In an interview, Maegan Lee Thornton, PharmD, an MTM pharmacist at Carlie C’s Pharmacy in Benson, North Carolina, discussed how pharmacists can truly make an impact on their patients. Carlie C’s Pharmacy has 5 locations in North Carolina, and she performs MTM services for all the pharmacies.

Thornton primarily uses Mirixa and Outcomes and noted that they recently merged into the same platform. She said this would facilitate the MTM documentation and submission process. OptumRx is another MTM platform for which the pharmacies recently signed up, and she has already begun completing cases.

Thornton began providing MTM services in 2016, and she truly enjoys building a rapport with her patients. MTM connects all aspects of pharmacy, she says.

Patient compliance rates have improved with antihypertensive medications, diabetes pharmacotherapy, and statin therapies.

Thornton also discussed MTM consult opportunities, which include identifying high-risk medications, preventing potential drug—drug interactions, and providing cost-effective treatment options for patients. Weekly pill boxes are one of the compliance tools that Thornton recommends, and she also conducts follow-up

calls to check on patients. “I personally feel that MTM acts as a bridge between the physician, pharmacist, and patient,” she said.


Pharmacists can provide patients with a variety of resources from their MTM toolboxes to increase medication adherence (see figure) with health-literacy tools.1 Brown bag reviews can help answer questions and identify potential medication errors. Medication action plans describe the details of the comprehensive medication review, and the personal medication list shows all of the patient’s active medications. The teach-back method is a great way to ensure that patients understand all the information.1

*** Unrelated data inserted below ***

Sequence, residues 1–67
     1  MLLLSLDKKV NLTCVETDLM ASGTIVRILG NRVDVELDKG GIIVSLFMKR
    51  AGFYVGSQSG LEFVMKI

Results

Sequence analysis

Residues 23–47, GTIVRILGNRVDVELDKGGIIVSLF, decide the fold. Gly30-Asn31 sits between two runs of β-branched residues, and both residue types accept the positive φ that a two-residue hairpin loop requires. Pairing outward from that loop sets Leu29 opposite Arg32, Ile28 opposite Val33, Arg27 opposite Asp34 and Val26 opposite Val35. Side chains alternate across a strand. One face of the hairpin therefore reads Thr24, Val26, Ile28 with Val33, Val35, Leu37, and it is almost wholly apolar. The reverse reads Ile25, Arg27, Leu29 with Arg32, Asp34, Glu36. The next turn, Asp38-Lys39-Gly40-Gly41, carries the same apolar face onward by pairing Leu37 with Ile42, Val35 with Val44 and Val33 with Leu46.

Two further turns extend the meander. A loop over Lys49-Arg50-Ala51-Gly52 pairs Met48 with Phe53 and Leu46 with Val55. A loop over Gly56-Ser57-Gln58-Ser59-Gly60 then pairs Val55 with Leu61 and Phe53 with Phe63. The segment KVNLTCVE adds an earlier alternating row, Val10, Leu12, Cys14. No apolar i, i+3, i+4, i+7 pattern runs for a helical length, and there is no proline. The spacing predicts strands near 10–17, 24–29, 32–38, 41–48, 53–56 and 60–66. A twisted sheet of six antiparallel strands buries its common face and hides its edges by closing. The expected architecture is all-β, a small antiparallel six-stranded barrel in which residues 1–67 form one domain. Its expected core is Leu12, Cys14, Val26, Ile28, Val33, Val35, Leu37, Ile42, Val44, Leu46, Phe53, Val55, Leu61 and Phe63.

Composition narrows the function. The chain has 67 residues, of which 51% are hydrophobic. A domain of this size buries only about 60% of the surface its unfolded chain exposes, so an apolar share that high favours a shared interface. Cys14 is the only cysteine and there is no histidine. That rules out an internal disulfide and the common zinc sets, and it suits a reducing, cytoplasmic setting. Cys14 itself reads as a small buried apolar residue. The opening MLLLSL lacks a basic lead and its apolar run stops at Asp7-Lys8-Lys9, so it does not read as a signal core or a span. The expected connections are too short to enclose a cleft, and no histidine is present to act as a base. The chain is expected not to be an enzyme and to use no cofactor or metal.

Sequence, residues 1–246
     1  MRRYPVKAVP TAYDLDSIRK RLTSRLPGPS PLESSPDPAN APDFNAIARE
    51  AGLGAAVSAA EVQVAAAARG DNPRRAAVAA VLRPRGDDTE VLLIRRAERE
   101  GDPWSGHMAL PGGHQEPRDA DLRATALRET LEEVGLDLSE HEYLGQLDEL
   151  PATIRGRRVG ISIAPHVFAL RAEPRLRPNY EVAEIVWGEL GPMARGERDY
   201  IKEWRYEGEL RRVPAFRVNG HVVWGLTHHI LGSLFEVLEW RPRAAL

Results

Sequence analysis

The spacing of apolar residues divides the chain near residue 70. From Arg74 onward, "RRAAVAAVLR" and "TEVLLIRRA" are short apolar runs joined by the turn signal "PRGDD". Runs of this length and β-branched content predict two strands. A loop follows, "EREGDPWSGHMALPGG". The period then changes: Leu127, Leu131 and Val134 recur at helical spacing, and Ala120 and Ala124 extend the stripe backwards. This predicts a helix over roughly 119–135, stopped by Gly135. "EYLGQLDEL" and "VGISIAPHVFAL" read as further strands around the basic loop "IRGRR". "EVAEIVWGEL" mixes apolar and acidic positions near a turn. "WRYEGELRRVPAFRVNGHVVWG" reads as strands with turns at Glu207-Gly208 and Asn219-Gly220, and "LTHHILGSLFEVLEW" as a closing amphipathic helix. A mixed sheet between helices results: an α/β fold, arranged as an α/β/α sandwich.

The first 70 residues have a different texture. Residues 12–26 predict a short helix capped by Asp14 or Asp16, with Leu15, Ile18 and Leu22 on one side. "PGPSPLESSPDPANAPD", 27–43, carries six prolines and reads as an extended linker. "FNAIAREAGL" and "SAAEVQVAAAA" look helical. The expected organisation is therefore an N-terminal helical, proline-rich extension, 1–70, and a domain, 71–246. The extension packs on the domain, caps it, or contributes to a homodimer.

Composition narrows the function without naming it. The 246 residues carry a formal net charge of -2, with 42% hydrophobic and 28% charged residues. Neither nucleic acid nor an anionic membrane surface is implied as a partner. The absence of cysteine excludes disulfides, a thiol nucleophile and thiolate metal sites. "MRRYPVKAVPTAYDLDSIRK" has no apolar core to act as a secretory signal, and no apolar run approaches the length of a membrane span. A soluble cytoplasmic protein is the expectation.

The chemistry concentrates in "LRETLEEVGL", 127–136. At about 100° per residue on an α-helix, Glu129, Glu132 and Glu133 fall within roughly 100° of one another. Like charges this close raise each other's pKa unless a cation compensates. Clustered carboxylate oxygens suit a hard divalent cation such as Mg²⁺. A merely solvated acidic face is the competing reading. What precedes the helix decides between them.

• Health literacy tools for providers of medication therapy management. AHRQ website. Updated November 2017. Accessed January 12, 2020.
  • Spears J, Erkens J, Misquitta C, Cutler T, Stebbins M. A pharmacist-led, patient-centered program incorporating motivational interviewing for behavior change to improve adherence rates and star ratings in a Medicare plan. J Manag Care Spec Pharm. 2020;26(1):35-41. doi: 10.18553/jmcp.2020.26.1.35.
  • Erku DA, Ayele AA, Mekuria AB, Belachew SA, Hailemeskel B, Tegegn HG. The impact of pharmacist-led medication therapy management on medication adherence in patients with type 2 diabetes: a randomized controlled study. Pharm Pract (Granada). 2017;15(3):1026. doi: 10.18549/PharmPract.2017.03.1026.
  • Ferries E, Dye JT, Hall B, Ndehi L, Schwab P, Vaccaro J. Comparison of medication therapy management services and their effects on health care utilization and medication adherence. J Manag Care Spec Pharm. 2019;25(6):688-695. doi: 10.18553/jmcp.2019.25.6.688.